Lance Janssen hasn’t led a charmed existence. The Healdsburg man has a long criminal rap sheet, dating back to the late 1980s, and has spent much of his adulthood in jail and prison. It looked like he was going away for life when he committed his third ‘strike’ offense: Fleeing police last year through Fountaingrove in Santa Rosa with a loaded handgun under the seat of his motorcycle. But fate finally smiled on the 45-year-old ex-con.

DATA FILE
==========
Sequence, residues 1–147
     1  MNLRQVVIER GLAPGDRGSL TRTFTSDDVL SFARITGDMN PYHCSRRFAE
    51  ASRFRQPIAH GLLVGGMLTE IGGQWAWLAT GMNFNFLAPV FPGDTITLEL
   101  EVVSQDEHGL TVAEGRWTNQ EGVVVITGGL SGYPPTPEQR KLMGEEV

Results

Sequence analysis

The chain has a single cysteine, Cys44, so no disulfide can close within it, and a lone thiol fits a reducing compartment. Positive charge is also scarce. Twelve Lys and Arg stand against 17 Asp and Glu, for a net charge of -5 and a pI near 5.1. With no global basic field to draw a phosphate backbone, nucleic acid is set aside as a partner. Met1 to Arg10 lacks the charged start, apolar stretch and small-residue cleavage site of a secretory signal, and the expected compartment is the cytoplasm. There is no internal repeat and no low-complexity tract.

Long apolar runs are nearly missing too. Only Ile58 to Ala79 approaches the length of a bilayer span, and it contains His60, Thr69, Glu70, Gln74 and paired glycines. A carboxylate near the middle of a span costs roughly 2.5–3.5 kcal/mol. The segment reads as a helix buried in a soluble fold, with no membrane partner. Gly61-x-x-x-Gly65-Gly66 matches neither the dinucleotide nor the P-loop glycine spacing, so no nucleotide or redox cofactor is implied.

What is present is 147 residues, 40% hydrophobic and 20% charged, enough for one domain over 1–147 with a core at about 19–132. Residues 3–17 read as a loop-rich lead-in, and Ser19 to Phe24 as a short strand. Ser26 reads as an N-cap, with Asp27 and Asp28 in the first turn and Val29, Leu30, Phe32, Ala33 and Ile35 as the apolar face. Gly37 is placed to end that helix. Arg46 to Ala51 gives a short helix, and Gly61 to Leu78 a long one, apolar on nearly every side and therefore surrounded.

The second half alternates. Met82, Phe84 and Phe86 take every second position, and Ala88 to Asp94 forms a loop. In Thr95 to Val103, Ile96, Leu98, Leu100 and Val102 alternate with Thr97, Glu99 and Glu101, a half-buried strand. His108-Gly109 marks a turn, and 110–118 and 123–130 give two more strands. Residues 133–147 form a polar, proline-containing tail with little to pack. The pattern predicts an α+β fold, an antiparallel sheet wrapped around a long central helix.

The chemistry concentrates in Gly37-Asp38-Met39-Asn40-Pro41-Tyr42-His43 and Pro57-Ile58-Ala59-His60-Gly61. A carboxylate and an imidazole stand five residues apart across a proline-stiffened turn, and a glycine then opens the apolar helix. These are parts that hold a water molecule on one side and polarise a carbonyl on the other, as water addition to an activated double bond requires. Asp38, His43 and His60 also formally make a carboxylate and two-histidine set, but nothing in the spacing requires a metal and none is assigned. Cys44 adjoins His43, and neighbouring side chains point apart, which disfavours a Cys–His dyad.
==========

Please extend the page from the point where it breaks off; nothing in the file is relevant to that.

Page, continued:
Conflicting ideas about justice and public safety, underlined by economic considerations, emerged in a public forum Sunday on two state ballot measures that would abolish the death penalty and amend the three strikes law. ‘If it’s not broken, you don’t fix it,’ child safety advocate Marc Klaas said, asserting that California’s three strikes law has ‘worked superbly’ since voters approved it in 1994, a year after his daughter, Polly, was abducted from her Petaluma home and murdered by a repeat offender.